Infinity + One
Page 4

 Amy Harmon

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Gran had been poor a lot longer than she’d been rich, and we poor folk liked to keep our money on hand. We stuffed it under our mattresses and in our bras and carved out holes in our walls for our treasures. Gran had the poor man’s mentality, would have until the day she died, and she kept herself flush in cash at all times. I was guessing she had way more than what I’d need for a cab, but I was getting antsy, sure my time was up, so I grabbed it, not taking the time to look through it.
If I knew Gran, she had at least a hundred grand back in the safe on my tour bus. And she was welcome to it. I slung Gran’s designer bag over my shoulder, put my head down and opened the dressing room door.
Then I walked away. No one was waiting outside the door, and as far as I know, no one looked at me twice. I was careful not to walk too fast.
When the lure of escape had started flickering in me several weeks ago, I had begun to make note of the exits wherever I performed. I would walk the perimeter, the concrete hallways, the vast underbellies and industrial labyrinths of the stadiums and arenas, Bear on my heels, using the excuse that I needed to stretch my legs, to get some exercise. It had become a game I played. A game of “what if?” Wherever I went, I plotted a mad dash. Dreamed of it. Fantasized about it. And now I was here, walking away from an arena that symbolized super stardom. And I didn’t look back.
AS SOON AS I let go of the metal truss, I was sorry I had. In that instant, I wondered if everyone felt that way at the end. No life flashing before your eyes, no silent movie reel. Just a brief, yet perfect awareness that it’s over, and the finish line has been crossed. I tipped forward, a slow motion swan dive, with my feet still clinging to the metal rail. I felt the stranger beside me lunge for me. His hand fisted in the back of my stolen sweatshirt and yanked, changing my trajectory, and my feet lost purchase on the rail. My legs flew out from under me, and instead of falling forward, I was falling downward, and my left side connected with the metal railing we’d been standing on. His efforts must have knocked him off balance too, because I felt his weight glance off my shoulder. I landed in a painful sprawl, half on the stranger, half on the wet concrete that butted up to the guardrail, and I immediately tried to push myself up and away from his grasping arms, furious and fighting, robbed of my choice once again.
“Stop it!” he bit out, gasping for air as my elbow connected with his ribs, and I ground it in, trying to stand. “Are you crazy?”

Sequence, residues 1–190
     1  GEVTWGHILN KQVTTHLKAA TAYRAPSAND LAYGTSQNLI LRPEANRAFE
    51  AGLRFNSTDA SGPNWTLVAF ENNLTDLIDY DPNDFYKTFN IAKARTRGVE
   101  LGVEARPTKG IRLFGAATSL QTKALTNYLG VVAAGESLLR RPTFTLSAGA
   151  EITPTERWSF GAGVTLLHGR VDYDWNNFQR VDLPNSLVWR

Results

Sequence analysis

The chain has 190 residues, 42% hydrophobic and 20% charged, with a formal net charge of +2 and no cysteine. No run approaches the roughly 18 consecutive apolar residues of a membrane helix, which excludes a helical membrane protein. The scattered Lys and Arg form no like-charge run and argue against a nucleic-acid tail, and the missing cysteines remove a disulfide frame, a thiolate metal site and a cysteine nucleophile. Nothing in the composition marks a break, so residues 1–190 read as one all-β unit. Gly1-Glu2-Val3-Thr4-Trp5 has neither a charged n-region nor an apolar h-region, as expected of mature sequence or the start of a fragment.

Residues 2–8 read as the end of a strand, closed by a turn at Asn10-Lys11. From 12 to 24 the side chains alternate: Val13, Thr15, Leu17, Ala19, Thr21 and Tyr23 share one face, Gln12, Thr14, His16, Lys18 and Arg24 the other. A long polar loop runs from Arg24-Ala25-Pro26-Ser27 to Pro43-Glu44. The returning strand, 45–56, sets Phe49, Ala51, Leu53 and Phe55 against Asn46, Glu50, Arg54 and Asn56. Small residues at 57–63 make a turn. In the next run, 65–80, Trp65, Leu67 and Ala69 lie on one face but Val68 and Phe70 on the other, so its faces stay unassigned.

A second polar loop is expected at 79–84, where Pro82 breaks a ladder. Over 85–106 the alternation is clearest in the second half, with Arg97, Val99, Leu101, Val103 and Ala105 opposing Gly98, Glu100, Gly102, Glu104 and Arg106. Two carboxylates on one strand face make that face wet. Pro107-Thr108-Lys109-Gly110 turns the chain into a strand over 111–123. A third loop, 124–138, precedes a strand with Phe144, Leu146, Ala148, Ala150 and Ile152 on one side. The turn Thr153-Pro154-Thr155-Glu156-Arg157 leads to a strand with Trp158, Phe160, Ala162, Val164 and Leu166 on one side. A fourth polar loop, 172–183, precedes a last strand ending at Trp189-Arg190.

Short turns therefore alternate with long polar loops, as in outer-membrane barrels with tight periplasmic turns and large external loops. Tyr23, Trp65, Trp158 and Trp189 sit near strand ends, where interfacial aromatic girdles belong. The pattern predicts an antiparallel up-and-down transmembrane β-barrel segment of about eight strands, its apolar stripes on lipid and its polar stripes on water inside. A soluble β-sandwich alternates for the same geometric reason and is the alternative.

“I’m not crazy!” I cried. “Who are you, anyway? Go away! I didn’t ask for your help!”
My hat had come off in the tussle. I patted the ground for it, but I couldn’t find it. I felt the loss of Bear’s hat more than the near-death experience, and I wrapped my arms around my head, leaned back against the rail, and tucked my legs in against my chest, breathing hard, blinking back the tears. Maybe the tears weren’t for the hat. Maybe it was relief or maybe it was fear, or maybe it was the weight of not knowing what came next. I hadn’t thought beyond the bridge. I knew I couldn’t climb the railing again, and I knew there would be no more falling into the fog. I was cured of the flickering lure. At least for now.
“I might cry too if my hair looked like that,” the stranger said softly and crouched down at my side. And then he handed me my hat. I took it from his outstretched hand and pulled it fiercely over the ravaged clumps of hair.
“I’m Clyde.” He left his hand outstretched, as if waiting for me to clasp it in greeting. I looked at it numbly. His hands were large, like the rest of him. But he wasn’t big like Bear was. Bear was bulky, and bullish, and built like a blockade, which is what he was, essentially. Clyde was rangy, and long, and broad-shouldered, and his hands looked capable and strong, if that made any sense.
“Clyde,” I repeated numbly. It wasn’t a question. I was testing it out. The name didn’t really fit him. He didn’t look like a Clyde. Clyde was the name of the guy that ran the one-pump service station in Grassley, Tennessee, at the bottom of the hill where I had lived all my sixteen years, until Gran convinced my folks we could all be rich if they let her take me to Nashville. The Clyde of Grassley, Tennessee only had two teeth and he liked to strum his banjo that only had two strings. Two teeth, two strings. I hadn’t made that connection before. Maybe two was old Clyde’s favorite number.
“What’s your name, crazy girl?” the new Clyde asked, his hand still extended, waiting for me to shake and make friends.
“Bonnie,” I answered finally. And then I laughed like I really was crazy. My name was Bonnie and his name was Clyde. Bonnie and Clyde. Wasn’t that just perfect? I shook his hand then, and he swallowed it up inside his, and in that second I felt both reckless and redeemed, like maybe I wasn’t done yet, after all.
“Yeah. Right. You don’t want to tell me, that’s fine. I get it.” Clyde shrugged. “I’ll call you Bonnie if you want me to.” Clyde obviously thought I was playing with him, but he seemed willing to play along. His voice was still mild, still that low-pitched rumble that made me think it took a lot to make him lose his cool and had me wondering if he could sing. He’d be a bass, hitting all the low notes and anchoring the chord.
“Are you running from something, Bonnie?”
“I guess I am,” I answered. “Or maybe I’m just leaving something behind.”
His eyes searched my face, and I bowed my head. I didn’t know what kind of music Clyde listened to. Probably not the kind I sang. But my face had been plastered in enough high-profile places the last six years to make me extremely recognizable, whether you liked country/pop crossovers or not.